Landes would have none of such feeble minded, conjunctural explanations. He traces European exceptionalism to �Judeo-Christian respect for manual labour�, �Judeo-Christian subordination of nature to man� and �Judeo-Christian sense of linear time�. He appends also the �market� and the freedom of enterprise in Europe. When and where did enterprise become free in Europe? Most of Europe had guild restrictions down to the 19th century. Until the British showed the way to the creation of a market for government loans, confiscation of the wealth of goldsmiths or bankers or simply reneging on the debts to creditors was a frequent practice with European monarchies. Landes does not seem to recognize that history has not only many cunning passages, but also many cunning speeds, and sometimes produces breaks where they are least expected.

Landes�s account is flawed by the intrusion of a master narrative into the explanatory chains he presents in fragments, and his fundamental lack of respect for the history of non-European peoples.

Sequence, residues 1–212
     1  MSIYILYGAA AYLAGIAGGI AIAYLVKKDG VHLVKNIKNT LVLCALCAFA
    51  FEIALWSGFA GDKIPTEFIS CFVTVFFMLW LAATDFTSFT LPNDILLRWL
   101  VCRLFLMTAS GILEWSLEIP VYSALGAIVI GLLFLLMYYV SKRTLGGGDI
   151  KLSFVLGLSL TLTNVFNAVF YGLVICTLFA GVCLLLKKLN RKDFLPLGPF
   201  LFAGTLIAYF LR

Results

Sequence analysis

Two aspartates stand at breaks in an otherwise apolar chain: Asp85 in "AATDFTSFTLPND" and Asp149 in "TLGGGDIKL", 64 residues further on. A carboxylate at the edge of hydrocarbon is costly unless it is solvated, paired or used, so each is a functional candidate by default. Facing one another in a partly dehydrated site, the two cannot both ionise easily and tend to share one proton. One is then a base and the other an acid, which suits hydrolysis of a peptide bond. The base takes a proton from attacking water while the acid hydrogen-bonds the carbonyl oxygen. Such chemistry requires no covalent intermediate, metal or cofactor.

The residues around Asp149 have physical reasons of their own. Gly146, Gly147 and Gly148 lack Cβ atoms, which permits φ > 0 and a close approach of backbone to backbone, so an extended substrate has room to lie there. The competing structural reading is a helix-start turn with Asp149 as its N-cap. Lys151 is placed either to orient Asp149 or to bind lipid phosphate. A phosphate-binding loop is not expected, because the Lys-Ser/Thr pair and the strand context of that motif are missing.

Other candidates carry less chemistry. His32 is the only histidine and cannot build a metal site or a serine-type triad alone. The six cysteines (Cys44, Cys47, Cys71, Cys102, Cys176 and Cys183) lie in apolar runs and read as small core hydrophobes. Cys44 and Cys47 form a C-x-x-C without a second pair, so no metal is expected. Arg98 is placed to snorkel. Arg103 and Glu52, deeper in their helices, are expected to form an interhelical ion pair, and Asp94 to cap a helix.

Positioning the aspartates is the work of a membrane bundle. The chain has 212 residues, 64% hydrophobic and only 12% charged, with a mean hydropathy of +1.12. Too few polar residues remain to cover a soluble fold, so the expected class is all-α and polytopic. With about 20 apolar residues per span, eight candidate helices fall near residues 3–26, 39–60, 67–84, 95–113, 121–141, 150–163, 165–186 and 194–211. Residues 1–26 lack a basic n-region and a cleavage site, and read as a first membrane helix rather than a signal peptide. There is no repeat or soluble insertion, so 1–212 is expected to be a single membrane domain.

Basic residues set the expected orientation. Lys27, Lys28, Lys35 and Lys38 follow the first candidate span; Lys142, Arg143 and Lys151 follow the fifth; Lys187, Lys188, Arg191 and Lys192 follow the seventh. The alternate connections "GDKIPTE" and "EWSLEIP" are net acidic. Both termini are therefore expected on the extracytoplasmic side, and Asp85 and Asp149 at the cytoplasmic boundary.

Landes is best when he analyzes the development of particular technologies in western Europe or the US. But his vision gets clouded when he shifts his focus to the development of more �unfortunate� countries. When he compares South America with North America, for example, he notices the contrast between the drive for development of industry in the US as against the craven dependence of the Latin American elite, dominated by landlords, on foreigners for their manufactures and most of their luxuries. But he fails to notice the public policies that led to the rise of a peasant controlled agriculture in the states of the US outside the southern plantation zone, or the spread of literacy on a universal basis. He also fails to mention that one explicit or implicit condition of British support for Latin American independence was that newly independent states should follow a free trade policy and allow unrestricted access to British capital.